A wide pullout took the train down 133 feet from the summit, and then the white box-spined track's framework began pulling into a heavy banking transition thirty-two feet above ground, directly over the heads of pedestrians below. Leaning on their sides at eighty degrees, riders were taken into HyperSonic's far 200-degree counterclockwise turnaround. Guests below are visible flying past as they stare up at the train as it navigated its way through the curve. At the end of the turnaround, the track straightened out and sendt riders over midway games below, towards the vertical hill's support towers. A bank in the opposite direction sent the layout to the right, past ride photo cameras, then into the grand finale. For the coaster's finale, the train flew over an intense speed hill inducing all of the airtime that ride lovers crave, and then dipped back down below tree level to enter the brake run. Passengers braced themselves for a sudden stop as air brakes slowed the train from high speeds back to zero in a matter of seconds. With a slight curve to the left, the train entered the unloading portion of the station and lap restraints were released for riders to exit down the ramp to view their ride photos and possibly even wait in line again for another go at the ride's intense action.Editor's Note: Hypersonic XLC saw its last day of operation on October 28, 2007. The ride is up for sale, but many fear that HyperSonic XLC has seen its last days. No announcement has been made as to how Kings Dominion plans to use the space formerly occupied by the X-treme Launch Coaster. One can only hope for something half as thrilling as going 0-81mph in 8.1 seconds.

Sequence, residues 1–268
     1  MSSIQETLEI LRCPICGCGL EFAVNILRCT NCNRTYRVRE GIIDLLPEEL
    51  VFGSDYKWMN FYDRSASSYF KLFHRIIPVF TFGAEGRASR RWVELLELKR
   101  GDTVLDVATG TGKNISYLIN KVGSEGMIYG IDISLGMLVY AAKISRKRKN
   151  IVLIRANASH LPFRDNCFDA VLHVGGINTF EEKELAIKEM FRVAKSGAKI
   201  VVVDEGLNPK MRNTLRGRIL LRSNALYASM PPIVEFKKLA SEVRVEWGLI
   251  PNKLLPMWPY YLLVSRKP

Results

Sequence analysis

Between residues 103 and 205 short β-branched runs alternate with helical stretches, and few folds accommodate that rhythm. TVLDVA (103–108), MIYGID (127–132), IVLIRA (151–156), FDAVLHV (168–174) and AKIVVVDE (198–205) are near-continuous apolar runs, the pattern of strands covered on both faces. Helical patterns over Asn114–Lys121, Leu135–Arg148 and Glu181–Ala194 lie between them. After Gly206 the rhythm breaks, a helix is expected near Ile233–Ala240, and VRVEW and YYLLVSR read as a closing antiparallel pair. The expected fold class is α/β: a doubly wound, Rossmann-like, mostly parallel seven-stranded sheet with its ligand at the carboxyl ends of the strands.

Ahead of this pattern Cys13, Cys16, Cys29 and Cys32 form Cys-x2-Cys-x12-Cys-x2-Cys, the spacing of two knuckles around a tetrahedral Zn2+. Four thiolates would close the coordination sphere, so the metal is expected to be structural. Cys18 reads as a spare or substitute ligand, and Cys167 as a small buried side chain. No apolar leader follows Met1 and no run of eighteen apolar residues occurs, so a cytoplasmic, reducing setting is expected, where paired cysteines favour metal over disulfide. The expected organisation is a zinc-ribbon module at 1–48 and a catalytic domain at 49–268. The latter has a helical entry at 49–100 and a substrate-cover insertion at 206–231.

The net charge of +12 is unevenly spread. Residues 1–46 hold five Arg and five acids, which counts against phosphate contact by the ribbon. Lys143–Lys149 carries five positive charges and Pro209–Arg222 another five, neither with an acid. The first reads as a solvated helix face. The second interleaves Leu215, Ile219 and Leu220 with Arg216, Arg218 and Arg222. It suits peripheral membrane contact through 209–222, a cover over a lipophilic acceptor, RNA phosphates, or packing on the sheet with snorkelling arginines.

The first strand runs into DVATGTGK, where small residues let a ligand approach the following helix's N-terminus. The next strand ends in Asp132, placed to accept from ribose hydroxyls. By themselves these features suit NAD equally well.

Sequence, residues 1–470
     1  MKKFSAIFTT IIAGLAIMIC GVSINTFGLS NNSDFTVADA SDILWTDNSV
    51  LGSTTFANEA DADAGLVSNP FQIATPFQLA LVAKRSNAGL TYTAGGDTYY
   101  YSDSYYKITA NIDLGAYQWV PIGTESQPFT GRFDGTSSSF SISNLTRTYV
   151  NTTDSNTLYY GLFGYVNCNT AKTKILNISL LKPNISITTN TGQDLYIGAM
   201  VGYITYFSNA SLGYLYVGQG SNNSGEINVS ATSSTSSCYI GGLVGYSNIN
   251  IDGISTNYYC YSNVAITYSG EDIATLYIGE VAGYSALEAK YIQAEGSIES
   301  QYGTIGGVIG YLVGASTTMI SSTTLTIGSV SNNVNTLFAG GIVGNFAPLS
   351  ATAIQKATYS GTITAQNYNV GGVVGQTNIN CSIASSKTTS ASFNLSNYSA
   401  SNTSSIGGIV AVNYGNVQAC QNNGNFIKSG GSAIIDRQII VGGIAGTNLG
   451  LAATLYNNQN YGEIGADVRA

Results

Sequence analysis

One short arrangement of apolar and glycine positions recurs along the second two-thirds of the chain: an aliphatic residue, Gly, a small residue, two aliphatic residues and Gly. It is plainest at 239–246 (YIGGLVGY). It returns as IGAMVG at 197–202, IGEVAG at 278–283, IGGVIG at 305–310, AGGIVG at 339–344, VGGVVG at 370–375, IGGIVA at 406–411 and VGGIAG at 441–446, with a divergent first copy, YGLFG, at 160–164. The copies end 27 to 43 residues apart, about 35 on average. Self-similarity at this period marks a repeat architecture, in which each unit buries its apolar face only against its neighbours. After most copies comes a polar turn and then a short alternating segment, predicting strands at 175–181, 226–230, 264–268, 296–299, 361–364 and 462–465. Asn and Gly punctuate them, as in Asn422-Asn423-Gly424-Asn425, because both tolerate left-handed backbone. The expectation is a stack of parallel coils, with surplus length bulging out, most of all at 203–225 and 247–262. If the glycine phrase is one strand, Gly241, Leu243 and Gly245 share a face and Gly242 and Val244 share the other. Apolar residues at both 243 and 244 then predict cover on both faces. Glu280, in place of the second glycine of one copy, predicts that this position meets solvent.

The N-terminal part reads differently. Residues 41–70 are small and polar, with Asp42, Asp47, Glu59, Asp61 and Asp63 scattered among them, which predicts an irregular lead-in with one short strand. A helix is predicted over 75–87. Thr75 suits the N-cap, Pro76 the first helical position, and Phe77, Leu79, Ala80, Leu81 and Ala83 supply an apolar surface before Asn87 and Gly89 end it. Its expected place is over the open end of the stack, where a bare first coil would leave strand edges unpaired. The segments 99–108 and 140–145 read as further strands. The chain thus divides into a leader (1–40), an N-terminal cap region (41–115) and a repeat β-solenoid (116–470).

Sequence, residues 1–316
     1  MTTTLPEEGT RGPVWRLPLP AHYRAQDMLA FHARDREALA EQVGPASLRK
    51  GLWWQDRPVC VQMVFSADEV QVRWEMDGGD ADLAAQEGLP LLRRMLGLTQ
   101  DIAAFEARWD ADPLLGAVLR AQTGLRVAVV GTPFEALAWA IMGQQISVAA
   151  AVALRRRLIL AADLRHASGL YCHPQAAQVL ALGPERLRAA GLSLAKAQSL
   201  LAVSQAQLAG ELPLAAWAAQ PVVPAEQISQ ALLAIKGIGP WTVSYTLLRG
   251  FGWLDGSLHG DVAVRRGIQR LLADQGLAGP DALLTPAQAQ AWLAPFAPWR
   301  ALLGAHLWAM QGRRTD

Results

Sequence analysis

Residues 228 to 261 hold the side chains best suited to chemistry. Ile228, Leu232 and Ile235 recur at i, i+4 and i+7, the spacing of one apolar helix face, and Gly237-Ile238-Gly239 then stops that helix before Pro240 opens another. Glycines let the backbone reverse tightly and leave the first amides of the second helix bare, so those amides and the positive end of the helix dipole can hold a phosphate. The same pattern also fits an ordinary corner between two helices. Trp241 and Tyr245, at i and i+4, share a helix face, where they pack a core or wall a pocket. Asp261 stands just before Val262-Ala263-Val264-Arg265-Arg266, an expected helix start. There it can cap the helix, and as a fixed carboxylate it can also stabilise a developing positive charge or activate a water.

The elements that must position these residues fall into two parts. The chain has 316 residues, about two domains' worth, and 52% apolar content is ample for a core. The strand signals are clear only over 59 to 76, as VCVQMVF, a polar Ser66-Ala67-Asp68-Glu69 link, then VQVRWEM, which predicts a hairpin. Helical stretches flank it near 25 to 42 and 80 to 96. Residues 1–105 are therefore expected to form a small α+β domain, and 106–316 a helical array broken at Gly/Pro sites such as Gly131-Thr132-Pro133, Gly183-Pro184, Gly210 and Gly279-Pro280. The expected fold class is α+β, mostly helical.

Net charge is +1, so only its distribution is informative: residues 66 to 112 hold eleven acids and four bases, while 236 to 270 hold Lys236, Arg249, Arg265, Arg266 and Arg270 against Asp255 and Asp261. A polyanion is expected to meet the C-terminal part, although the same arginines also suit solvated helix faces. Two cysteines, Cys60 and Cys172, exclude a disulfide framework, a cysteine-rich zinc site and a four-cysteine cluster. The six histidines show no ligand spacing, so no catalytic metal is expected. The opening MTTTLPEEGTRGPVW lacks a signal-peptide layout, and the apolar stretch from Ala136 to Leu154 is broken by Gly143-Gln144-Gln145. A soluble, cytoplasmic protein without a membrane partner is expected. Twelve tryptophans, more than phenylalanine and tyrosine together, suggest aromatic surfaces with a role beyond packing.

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Information

Type

Defunct Ride

Specific Type

Steel, Out & Back, Pneumatically-Launched, Kilo-Coaster

Seating

Sit-Down, 2-Abreast, 8-Passenger

Height

165' / 50m

Drop

133' / 41m

Steepness

90

Speed

80mph / 129kph

Acceleration

0-80 mph in 1.8 seconds/129 km/h in 1.8 seconds

Positive G's

4.5 g's

Drops

2

Length

1,560' / 476m

Cost

$15,000,000

Manufacturer

S&S Power

Color Scheme

White / White / White & Red

Soft Debut

March 2001

Official Debut

March 22, 2001

Other Info

The word hypersonic means five times the speed of sound

Rating

Forces

  • Currently 4.80/5

Rating: 4.8/5

Smoothness

  • Currently 3.80/5

Rating: 3.8/5

Layout/Elements

  • Currently 2.40/5

Rating: 2.4/5

Aesthetics

  • Currently 2.40/5

Rating: 2.4/5

Enjoyability

  • Currently 3.40/5

Rating: 3.4/5

Overall

  • Currently 3.36/5

Rating: 3.4/5